Friday, January 15, 2010

Successive Approximation and Creating a Coherent Japanese Phrase

Thanks, everybody who helped with this.
(This is a followup/update of "The Celebrated Jumping Frog of Calaveras County, Kanji, Romanji, and This Writer " (January 11, 2010).)

A little checking, and I found a pronunciation (romanized, anyway) for 凄い Google Translate.

Sure enough, 凄い is "sugoi" - now, I need to see if I'm using it correctly.


Well, that's interesting:

When I put "great manga writer" through Google Translate, I got "偉大な漫画家" (without quotes in both cases, BTW.)

And 偉大な漫画家 is romanized as idai na manga ka. I recognized "manga ka" as fairly common usage.

Interestingly, "great welldigger" comes through as "大きな井戸掘り職人" - or "ōkina ido hori shokunin".

I think I'm getting to where I want, by successive approximation.

(still later)

"Ido ka" probably, maybe, possibly, is a phrase that means something in the neighborhood of "water-well - ka" or "water well artist/writer/creator" with overtones of the id (id, ego, superego, and all that) and latitude (緯度 / ido)."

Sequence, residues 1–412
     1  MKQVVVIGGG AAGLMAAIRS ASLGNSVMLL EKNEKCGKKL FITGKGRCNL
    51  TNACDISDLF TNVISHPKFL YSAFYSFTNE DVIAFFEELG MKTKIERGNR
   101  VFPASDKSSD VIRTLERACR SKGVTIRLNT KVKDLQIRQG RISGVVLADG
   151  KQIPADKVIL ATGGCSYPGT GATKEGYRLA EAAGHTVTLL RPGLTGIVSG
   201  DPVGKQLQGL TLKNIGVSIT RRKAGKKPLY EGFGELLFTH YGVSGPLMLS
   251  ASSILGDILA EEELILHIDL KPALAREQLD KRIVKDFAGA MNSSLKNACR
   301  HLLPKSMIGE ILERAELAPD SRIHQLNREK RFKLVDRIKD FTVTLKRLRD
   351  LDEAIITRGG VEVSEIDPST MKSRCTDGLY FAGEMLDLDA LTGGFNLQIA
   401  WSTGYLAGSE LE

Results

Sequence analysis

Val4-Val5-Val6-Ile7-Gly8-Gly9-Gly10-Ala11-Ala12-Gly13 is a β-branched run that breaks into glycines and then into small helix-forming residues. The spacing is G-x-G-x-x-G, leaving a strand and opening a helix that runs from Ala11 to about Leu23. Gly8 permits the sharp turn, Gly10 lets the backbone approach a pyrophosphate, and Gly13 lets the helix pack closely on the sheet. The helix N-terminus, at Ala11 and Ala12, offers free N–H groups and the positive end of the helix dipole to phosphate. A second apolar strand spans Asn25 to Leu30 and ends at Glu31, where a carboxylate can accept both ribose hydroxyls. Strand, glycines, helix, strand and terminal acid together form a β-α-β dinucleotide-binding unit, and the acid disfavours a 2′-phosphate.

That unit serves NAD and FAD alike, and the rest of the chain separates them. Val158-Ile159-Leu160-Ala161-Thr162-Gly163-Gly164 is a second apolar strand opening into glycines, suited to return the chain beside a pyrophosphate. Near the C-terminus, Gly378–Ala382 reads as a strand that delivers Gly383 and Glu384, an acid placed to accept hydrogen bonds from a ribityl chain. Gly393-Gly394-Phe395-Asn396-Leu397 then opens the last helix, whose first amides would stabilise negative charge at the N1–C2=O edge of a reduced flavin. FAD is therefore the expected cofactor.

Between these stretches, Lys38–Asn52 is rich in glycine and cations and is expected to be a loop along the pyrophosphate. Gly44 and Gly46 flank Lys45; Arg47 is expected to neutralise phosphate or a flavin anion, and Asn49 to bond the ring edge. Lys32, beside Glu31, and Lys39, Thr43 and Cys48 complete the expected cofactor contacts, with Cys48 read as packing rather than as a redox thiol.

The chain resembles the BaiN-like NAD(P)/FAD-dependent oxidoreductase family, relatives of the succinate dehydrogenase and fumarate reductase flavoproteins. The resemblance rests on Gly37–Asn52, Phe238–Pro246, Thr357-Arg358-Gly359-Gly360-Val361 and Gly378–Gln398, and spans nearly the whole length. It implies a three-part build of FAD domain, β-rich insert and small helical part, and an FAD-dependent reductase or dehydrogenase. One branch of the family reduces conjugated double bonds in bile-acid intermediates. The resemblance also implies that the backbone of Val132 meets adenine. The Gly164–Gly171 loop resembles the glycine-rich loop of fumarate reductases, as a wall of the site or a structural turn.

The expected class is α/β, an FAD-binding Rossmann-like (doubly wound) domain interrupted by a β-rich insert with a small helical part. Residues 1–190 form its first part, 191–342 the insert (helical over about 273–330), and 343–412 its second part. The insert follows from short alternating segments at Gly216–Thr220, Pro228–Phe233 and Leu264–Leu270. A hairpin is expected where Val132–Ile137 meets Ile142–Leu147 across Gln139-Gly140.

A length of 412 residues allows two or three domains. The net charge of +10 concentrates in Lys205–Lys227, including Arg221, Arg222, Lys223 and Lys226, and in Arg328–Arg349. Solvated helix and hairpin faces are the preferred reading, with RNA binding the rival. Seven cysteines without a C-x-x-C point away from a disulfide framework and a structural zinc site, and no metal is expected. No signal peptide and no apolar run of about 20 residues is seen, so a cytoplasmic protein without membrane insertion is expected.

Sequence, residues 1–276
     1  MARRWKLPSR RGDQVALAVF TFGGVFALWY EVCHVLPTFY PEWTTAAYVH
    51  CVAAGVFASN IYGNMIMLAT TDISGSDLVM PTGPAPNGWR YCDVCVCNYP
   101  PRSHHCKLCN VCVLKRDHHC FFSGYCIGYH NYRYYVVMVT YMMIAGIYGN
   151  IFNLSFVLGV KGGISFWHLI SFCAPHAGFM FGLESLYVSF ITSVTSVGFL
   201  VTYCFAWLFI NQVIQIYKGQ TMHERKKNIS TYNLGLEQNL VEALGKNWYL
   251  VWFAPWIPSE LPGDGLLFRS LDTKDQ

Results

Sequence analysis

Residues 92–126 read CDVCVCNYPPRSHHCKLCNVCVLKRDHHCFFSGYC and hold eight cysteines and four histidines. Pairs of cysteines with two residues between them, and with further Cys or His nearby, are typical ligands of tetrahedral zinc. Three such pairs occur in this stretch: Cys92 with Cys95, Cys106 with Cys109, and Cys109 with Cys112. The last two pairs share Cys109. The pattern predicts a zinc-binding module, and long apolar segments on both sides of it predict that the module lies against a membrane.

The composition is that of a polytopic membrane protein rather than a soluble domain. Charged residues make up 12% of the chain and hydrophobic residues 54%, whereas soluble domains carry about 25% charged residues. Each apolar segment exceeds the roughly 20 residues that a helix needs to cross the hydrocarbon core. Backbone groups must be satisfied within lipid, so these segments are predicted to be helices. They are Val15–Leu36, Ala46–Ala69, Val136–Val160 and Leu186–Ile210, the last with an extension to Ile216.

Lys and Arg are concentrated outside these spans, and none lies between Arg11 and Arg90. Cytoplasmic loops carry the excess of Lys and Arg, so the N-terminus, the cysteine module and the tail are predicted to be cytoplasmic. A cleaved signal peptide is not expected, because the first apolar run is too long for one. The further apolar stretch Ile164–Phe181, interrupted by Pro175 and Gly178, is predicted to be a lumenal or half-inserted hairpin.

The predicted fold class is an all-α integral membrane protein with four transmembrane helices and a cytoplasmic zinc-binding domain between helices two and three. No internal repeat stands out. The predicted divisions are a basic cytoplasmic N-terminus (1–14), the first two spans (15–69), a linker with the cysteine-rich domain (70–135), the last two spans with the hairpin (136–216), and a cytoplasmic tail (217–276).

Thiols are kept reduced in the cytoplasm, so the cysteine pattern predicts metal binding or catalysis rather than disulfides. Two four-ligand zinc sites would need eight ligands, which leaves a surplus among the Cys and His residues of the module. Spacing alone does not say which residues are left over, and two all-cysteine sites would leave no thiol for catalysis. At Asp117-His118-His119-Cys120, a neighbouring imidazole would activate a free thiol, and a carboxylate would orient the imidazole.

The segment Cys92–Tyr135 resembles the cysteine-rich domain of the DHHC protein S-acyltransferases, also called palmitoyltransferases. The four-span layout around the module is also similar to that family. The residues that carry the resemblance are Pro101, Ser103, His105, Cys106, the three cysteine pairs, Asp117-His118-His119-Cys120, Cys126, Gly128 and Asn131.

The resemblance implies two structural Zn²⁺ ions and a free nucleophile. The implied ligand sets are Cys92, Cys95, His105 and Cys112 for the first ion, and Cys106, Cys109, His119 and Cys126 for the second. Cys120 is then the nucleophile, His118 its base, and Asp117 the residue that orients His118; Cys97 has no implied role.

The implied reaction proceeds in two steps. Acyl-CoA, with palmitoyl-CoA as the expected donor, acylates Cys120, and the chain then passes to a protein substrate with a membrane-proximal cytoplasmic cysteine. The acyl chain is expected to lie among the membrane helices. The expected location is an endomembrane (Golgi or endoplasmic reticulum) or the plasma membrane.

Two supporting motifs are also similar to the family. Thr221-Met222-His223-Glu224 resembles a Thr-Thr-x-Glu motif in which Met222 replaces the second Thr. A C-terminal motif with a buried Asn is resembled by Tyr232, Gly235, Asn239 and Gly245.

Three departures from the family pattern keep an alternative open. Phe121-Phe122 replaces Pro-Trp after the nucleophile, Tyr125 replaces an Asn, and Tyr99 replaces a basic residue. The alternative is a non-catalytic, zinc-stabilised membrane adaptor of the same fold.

Confused? Well, so am I

The point is that when I run "great ido ka" through Google Translate, out comes "大きな井戸カー / ōkina ido kā" - which may, or may not, be what I'm looking for.

Interesting: 井 seems to mean "well" - whether that's "I'm feeling well" or "water well" - more checking is called for.

Ah! 井 means "well" and the "well" is a noun. I think I've got it. Maybe.

Oi. "water well" comes out as "井戸 / ido"- 井戸!!

Okay: I got these nouns in Japanese:


1. 井
2. 井泉
3. 井戸
4. 鉱泉

Which get translated as these nouns in English:


1. Well
2. Spring wells
3. Well
4. Spring

Yeah: I think I'm getting close.

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